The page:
CHICAGO—In an address before the City Club of Chicago today, American Federation of Teachers President Randi Weingarten announced an innovative, new partnership with a plan to create sustainable community schools that aims to reverse the tide of disinvestment and the effects of gentrification in one Chicago neighborhood.
Weingarten also pledged her union’s continued support for Jesús “Chuy” García in the upcoming runoff election for mayor, calling him the “mayor this city needs” because of his commitment to revitalize Chicago’s neighborhoods, as compared with Mayor Rahm Emanuel, who has a record of answering only to downtown interests.
“Chuy García understands that we educate kids in the context of community, in the framework of neighborhoods, not in a vacuum. He knows that the key to success is to strengthen neighborhood schools, and to account for the out-of-school factors that impact educational attainment with an investment in wraparound services,” Weingarten said. “He understands that we need to strengthen neighborhood schools and situate them in an ecosystem of support—including economic development and public safety. And he understands that when it comes to making tough choices, communities need not be your enemy—they can be your partner.”
The partnership that Weingarten announced today is one such effort to work with the community to bring back a once thriving, historic Chicago neighborhood. Convened by the Kenwood-Oakland Community Organization (KOCO), the Chicago Teachers Union (CTU) and the AFT, this partnership will bring together community organizations, businesses, unions, and others to identify solutions and resources.
As Weingarten noted in her speech, “there has been a wholesale disinvestment in the community,” and the “aggregate effect is that a place that’s just minutes from downtown Chicago is largely disconnected from downtown.”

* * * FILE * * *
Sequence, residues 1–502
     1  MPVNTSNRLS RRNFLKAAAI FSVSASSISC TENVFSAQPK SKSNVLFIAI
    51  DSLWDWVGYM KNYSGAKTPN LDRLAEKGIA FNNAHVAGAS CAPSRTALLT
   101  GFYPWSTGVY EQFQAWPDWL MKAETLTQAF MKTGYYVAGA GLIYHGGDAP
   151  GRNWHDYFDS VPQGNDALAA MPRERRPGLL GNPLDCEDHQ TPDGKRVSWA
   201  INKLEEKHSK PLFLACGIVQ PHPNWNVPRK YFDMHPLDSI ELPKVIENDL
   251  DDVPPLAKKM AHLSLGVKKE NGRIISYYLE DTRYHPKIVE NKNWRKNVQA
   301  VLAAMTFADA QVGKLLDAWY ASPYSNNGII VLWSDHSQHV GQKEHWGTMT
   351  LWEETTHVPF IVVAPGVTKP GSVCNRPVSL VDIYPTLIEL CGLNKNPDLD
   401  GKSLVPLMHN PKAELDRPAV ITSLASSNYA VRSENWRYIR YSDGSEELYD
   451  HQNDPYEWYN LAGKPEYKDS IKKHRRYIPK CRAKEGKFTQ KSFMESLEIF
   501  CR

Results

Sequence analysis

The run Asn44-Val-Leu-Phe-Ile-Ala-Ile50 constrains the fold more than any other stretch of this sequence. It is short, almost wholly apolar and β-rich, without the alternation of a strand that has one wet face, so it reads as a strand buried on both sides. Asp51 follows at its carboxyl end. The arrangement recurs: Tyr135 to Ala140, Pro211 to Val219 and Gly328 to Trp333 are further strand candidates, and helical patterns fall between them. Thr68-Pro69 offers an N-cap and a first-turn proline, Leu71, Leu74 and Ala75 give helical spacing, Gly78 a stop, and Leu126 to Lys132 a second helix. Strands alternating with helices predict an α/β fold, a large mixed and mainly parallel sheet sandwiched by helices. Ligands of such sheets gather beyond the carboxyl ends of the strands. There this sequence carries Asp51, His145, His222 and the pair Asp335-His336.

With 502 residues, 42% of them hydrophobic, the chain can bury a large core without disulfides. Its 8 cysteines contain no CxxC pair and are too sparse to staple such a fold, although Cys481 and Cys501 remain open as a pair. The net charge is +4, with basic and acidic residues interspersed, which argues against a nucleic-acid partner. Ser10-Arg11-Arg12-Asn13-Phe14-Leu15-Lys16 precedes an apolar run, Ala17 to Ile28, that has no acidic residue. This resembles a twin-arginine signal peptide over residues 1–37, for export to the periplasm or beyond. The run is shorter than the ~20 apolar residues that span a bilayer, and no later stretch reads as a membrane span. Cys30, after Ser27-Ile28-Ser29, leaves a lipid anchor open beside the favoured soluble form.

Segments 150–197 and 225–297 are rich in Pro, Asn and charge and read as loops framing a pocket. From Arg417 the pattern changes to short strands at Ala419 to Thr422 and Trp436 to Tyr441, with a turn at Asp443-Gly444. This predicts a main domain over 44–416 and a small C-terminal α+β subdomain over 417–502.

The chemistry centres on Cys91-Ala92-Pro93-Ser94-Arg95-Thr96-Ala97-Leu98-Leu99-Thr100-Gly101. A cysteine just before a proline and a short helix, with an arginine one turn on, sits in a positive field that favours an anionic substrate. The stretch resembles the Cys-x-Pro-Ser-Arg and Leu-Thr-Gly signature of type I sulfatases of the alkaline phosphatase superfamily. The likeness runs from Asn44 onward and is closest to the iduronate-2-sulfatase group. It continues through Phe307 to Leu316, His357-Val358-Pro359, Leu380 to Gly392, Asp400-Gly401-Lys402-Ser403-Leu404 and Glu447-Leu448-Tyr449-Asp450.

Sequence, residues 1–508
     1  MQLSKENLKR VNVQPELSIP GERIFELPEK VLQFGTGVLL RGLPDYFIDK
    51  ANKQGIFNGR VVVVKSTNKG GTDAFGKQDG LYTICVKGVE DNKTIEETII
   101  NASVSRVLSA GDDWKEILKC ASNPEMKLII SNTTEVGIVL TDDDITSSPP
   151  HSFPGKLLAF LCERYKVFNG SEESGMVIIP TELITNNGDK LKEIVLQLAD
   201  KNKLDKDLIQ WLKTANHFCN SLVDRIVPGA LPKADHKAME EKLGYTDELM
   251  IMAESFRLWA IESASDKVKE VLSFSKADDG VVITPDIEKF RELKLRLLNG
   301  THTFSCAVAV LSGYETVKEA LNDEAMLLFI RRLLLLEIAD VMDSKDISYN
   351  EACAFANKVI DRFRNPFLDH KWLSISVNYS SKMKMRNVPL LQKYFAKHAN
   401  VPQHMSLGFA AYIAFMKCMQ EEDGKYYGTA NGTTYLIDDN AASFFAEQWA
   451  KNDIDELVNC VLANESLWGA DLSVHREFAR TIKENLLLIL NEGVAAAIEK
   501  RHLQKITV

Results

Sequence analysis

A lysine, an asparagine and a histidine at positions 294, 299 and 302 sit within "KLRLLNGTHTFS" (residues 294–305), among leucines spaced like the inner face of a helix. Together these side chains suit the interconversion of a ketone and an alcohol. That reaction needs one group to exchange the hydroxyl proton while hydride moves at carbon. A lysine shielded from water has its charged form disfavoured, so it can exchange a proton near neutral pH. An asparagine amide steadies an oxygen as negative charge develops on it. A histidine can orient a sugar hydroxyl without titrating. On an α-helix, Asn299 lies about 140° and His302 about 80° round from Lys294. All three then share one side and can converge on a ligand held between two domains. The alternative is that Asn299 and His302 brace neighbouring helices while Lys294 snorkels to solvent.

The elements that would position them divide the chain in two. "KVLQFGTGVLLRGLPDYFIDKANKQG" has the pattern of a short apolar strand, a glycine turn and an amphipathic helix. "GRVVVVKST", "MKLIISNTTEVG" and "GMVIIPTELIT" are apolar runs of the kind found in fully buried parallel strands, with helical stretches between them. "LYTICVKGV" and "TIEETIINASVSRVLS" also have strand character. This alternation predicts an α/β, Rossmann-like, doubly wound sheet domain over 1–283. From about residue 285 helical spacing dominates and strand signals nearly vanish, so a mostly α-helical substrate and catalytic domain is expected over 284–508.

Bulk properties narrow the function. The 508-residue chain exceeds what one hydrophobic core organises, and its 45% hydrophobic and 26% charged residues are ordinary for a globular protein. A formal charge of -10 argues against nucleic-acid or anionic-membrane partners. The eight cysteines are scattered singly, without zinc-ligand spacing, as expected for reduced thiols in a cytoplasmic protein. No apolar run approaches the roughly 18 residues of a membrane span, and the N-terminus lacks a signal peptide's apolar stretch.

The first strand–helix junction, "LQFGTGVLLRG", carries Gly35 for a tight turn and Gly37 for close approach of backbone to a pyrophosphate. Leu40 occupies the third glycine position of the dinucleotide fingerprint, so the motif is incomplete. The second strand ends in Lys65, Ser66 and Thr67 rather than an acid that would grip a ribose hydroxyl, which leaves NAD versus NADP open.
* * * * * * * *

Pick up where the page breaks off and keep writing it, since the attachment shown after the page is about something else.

At the end of this school year, the North Kenwood-Oakland community will lose its last remaining traditional public high school. In addition, there has been a loss of thousands of units of public housing, adequate healthcare and support for after-school programs.
Weingarten hopes that the new partnership, modeled after Reconnecting McDowell, a successful public-private partnership spearheaded by the AFT in McDowell County, W.Va.—the eighth poorest county in the nation—will put this community on a path to renewal.
“What if—like we are doing in McDowell—the neighborhood, community organizations, labor and business can create some big miracles by seeding real and broad partnerships,” Weingarten said. “That’s why CTU, AFT and KOCO have made this initial commitment. We hope that this will blossom, like Reconnecting McDowell, into a robust, vibrant and community-driven initiative that involves many of you in this room.”
She asked the City Club of Chicago audience to join with Chicago’s teachers to undertake a collaborative process to reclaim the promise of public education by addressing poverty, inequity and segregation.
“Teachers can’t do it alone. We’re still faced with the mythology that the only thing that affects a student’s performance is the effort and talent of the teacher. I’ve said many times that if someone can’t teach after they’ve been prepared and supported, they shouldn’t be in our profession,” Weingarten said. “But when economists are now telling us that teachers—as important a role as they play—ultimately account for 10 percent of the variance in student achievement, then we need to focus on the other 90 percent as well.”